I’ve mentioned in passing the seemingly burgeoning phenomena of paddleboard yoga. There’s acro-yoga all over the place, too. And who hasn’t heard something about naked yoga.
Here’s a new one, though: Yoga on horseback.
I just happened upon a story about a combination horseback ride and yoga class, which emphasizes “mindfulness.” I bet it does — you don’t want to be doing your Urdhva Dhanurasana and topple five or six feet to the ground.
I’m tempted to highlight the where and what, but that would be unfair, given my attitude toward it. If it works for people, what’s wrong with that, right? And if it doesn’t work — if, to be a bit crass, it’s stupid — then people won’t go back and the program won’t survive.
Here’s a quick description of the class, from a news report:
Using a horse as partner and mat, students will practice breathing techniques and grounded and mounted yoga poses to improve mind-body awareness, create greater flexibility and build soft strength. Classes will end with a short, guided meditation.
I point this out in part because it strikes me as funny. But as I said, if it works, what’s the harm?
Well — maybe this, and the real rationale for this post: It strikes right at the heart of the “what is yoga” debate.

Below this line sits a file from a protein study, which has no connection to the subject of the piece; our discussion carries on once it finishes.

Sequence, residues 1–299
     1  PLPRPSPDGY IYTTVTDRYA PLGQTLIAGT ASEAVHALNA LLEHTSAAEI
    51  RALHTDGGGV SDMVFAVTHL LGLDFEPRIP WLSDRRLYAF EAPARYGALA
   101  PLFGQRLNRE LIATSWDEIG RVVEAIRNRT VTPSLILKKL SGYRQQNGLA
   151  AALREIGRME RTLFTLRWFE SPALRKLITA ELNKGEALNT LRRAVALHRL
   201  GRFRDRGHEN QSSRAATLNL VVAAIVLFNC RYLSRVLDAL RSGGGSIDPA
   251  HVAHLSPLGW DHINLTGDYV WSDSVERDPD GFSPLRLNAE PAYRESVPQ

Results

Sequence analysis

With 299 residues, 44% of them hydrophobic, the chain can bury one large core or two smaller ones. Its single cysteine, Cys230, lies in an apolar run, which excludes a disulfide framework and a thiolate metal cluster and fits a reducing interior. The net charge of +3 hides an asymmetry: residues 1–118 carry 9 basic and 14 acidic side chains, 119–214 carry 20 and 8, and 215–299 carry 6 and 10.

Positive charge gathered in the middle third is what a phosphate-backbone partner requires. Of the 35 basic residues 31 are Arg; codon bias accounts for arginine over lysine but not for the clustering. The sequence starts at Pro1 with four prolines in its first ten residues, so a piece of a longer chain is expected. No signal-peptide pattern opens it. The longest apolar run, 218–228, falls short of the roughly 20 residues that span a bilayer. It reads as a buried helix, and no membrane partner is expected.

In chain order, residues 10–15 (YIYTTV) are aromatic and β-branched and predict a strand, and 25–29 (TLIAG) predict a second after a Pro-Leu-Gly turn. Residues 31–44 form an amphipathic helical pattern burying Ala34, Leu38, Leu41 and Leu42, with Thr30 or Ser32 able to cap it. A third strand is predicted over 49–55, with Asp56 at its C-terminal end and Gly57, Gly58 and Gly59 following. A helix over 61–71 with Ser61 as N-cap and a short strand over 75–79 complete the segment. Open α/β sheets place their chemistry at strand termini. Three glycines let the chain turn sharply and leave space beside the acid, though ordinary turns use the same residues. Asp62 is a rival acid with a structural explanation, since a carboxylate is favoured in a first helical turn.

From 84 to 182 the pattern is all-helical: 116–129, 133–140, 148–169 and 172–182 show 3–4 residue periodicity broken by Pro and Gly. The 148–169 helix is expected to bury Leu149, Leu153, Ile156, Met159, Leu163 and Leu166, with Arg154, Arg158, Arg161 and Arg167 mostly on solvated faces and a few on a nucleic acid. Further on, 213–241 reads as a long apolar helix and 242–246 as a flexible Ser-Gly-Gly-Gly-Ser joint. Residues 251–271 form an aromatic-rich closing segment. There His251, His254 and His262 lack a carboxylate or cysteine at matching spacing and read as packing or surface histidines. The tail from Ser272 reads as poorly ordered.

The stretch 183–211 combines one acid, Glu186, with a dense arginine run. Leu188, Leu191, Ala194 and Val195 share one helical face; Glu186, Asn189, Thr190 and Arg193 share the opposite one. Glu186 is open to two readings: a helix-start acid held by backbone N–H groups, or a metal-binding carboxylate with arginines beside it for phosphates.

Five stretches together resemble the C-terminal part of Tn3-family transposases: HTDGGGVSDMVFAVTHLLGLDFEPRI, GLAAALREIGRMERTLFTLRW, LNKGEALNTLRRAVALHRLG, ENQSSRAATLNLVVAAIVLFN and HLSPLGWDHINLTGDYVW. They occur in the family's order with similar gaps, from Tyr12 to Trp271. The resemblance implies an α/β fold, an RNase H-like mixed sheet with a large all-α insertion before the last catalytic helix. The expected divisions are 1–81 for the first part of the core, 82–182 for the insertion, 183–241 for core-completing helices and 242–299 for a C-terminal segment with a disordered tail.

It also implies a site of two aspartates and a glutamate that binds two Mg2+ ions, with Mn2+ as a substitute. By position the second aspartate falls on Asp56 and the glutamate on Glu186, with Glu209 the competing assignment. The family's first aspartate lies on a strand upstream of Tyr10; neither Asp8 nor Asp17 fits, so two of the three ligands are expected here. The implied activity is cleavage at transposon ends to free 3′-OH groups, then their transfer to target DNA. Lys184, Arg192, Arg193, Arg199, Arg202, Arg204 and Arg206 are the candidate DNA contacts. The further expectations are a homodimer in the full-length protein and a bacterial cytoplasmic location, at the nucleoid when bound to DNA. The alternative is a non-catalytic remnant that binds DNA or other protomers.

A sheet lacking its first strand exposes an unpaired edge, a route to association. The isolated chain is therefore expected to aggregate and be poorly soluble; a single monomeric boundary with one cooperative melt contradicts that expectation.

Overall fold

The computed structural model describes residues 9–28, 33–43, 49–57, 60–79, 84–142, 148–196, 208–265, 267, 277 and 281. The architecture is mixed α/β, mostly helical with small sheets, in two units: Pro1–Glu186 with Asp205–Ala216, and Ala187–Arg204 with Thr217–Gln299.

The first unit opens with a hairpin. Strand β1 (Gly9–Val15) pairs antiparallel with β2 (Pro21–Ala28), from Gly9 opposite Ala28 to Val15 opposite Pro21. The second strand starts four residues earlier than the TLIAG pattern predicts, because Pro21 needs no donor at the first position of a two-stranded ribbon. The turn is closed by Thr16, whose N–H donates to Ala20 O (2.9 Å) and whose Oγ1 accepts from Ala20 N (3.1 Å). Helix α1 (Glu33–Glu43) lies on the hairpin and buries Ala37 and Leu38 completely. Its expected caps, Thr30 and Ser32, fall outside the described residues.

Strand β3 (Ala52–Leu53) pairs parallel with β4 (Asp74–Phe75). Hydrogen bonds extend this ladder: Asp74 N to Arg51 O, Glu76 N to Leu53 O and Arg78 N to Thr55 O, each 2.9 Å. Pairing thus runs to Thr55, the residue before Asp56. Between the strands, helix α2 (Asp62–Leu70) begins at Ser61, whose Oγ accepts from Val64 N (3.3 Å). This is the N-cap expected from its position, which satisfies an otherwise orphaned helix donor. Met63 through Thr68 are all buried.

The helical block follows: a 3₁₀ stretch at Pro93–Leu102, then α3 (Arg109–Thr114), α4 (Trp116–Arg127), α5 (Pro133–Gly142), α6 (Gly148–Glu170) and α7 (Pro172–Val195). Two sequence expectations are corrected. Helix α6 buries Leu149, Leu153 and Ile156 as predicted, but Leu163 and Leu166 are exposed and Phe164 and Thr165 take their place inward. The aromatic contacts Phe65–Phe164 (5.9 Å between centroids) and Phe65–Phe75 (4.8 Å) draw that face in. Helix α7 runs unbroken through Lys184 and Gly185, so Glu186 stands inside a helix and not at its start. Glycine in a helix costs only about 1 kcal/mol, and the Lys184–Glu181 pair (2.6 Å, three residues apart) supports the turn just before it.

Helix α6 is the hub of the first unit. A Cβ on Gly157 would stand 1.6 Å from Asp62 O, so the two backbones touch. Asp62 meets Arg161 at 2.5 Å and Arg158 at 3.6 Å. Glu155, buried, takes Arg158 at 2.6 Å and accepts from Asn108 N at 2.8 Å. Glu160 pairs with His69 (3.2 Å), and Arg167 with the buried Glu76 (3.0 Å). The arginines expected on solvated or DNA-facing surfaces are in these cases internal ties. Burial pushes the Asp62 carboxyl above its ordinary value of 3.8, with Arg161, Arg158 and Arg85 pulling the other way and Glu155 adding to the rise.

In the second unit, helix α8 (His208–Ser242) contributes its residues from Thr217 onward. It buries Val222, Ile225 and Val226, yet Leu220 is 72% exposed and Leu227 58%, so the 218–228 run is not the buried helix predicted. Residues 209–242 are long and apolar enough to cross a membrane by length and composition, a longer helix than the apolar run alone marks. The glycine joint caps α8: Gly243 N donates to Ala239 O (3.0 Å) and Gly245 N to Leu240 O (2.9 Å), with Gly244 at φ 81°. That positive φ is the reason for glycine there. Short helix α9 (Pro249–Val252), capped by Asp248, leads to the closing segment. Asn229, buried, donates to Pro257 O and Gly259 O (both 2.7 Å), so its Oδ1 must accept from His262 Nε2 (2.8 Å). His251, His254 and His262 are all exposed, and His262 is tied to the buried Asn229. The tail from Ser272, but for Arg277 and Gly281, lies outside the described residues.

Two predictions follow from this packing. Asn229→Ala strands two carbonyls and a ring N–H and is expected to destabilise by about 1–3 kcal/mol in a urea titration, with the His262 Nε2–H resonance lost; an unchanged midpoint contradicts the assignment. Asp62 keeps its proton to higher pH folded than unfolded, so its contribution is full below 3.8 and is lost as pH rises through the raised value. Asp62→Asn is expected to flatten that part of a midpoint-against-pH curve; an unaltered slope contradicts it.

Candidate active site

Horseback yoga, acro-yoga, paddleboard yoga all — in my opinion — blur the line pretty significantly. And I assume they are very grounded in just asana, so we are talking about only one of the eight limbs. (Yes, I noted the “guides meditation” mention.)
You know. Yoga. As opposed to Yoga.
I’m not going to spin out this debate, because I don’t see how there ever will be agreement. Is the flow class at the local big chain yoga studio Yoga (as opposed to yoga)? I might say, “No” and someone else would argue vehemently, “Yes.” Should only a class that begins with a collective Om be considered Yoga? You tell me.
What I do think worth noting as part of this on-going discussion is that other forms of exercise — running, spin classes, lifting weights, etc. — don’t seem to have this same issue. I’m not seeing a lot of debate about whether the Sunday morning spin class is something greater than a really hard workout. (Although I’m sure there are “true believers” who will argue it is.)
So that argues in yoga’s favor as not being something you really can just stick on a paddleboard or a horse. (Is there yoga snowboarding?) Of course, if you peel away the layers further, you hit the real crux of the “yoga origins” debate: whether yoga is 5,000 or only 150 years old.
Probably a little of both.
I do have to admit, though, if the horseback yoga explicitly invoked the Horse Sacrifice, I might pay it more attention.
Posted by Steve